UFO Conjectures

Tuesday, September 17, 2019

Wonders [on the ground and in the mind]

Copyright 2019, InterAmerica, Inc.

In the terrific Chris Aubeck and Jacques Vallee book Wonders in the Sky [Jeremy P. Tarcher Penguin, 2009, Paperback], on Pages 165-166, is a tale, in the time-frame of the Nuremberg and Basel broadsheets argued here a short time ago:

On July 20, 1571 in Prague, Czechoslovakia the people of the city, awakened by a great wind and rumbling noise, look- ing towards the cattle fair [now Charles Square], saw an army marching along Spalena Street.

The soldiers, holding weapons, were being followed by something resembling “a large round ‘chariot’ drawn by an oxen.” 

The object, making a loud noise seemed to be made of metal “and had no wheels. Eight large human figures” marched behind the vehicle. The figures had no faces and wore “enormous spurs.”

After they crossed the square, “a great fire appeared” near a large number of boxes and barrels, that looked like those that carried gunpowder. The boxes and barrels were thrown on the fire.

A “frightful wind” arose, and a kind of “rain of fire” took place during which the “horrifying vision disappeared. However, a luminous object could be made out in the air, a circle of fire that persisted until dawn. That year there was a great famine and many people died.”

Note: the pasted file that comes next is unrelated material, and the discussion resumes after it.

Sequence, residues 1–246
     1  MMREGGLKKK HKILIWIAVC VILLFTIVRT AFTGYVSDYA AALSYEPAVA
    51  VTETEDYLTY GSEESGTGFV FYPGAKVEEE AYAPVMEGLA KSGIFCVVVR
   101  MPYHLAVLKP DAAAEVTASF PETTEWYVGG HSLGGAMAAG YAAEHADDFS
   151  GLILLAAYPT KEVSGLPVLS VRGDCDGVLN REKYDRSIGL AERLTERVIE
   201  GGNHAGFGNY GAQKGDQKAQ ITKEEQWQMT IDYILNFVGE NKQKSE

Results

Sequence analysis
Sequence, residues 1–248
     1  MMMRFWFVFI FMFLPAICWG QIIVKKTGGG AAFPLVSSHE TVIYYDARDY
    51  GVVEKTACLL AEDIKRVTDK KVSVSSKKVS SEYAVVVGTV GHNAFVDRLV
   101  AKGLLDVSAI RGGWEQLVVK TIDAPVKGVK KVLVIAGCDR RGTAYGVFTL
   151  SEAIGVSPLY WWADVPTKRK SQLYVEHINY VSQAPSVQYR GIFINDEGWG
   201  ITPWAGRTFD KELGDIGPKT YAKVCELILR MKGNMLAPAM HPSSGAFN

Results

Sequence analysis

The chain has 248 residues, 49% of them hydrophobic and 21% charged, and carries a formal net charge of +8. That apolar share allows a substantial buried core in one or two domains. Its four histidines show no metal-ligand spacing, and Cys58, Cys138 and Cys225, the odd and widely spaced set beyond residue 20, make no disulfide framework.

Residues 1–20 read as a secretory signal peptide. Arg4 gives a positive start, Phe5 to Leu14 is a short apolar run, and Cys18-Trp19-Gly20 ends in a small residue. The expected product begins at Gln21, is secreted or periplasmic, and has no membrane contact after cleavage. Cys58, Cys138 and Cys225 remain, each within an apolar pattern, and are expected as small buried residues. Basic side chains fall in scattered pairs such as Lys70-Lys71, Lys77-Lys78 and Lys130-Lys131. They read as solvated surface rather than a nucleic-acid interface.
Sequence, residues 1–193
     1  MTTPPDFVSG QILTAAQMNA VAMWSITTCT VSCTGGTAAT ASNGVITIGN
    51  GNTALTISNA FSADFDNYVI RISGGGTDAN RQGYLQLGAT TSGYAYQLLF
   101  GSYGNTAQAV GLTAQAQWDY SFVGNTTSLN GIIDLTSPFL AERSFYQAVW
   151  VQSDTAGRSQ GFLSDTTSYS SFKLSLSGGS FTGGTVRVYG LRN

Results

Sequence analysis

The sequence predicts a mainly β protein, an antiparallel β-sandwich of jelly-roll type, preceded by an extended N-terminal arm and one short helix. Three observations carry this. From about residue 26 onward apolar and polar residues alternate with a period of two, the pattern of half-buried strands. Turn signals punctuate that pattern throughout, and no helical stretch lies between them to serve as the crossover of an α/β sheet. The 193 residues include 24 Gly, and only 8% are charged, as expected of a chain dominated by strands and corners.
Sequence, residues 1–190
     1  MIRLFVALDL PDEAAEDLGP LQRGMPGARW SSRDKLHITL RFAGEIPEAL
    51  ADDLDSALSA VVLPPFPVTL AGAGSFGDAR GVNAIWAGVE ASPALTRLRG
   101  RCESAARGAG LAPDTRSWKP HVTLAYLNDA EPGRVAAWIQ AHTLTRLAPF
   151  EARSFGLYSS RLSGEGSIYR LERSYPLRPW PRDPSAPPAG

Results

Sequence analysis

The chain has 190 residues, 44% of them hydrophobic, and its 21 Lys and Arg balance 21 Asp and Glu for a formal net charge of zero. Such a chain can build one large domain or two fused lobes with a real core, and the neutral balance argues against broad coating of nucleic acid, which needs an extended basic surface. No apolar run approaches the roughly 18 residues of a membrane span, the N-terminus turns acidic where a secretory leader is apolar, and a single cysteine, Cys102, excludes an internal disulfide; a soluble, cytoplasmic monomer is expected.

The source given for this account is J. Beckovský. (My Czech is not good or extant so the rest of the source eludes me, but this may help those who want to check out this event, and is provided on Page 166: V Praze, nákladem Dĕdictví sv. Prokopa, pismem knihtiskárn B. Stýblovy 1879-1880.)

Besides the novel description of this alleged occurrence is the further addendum that a great famine was taking place at the time, which seemed to elicit the eerie event just as religious foment brought about those weird “editorial cartoons” seen in the Nurem- berg/Basil broadsheets for the Gazette “newspapers” in 1561 and 1566.

If the account noted above from the interesting Aubeck/Vallee book is authentic, it confirms my speculation that such imaginative “reports” [UFOs and otherwise] are brought forth from the anxiety and ferment that human tragedies inspire in creative types: artists and writers.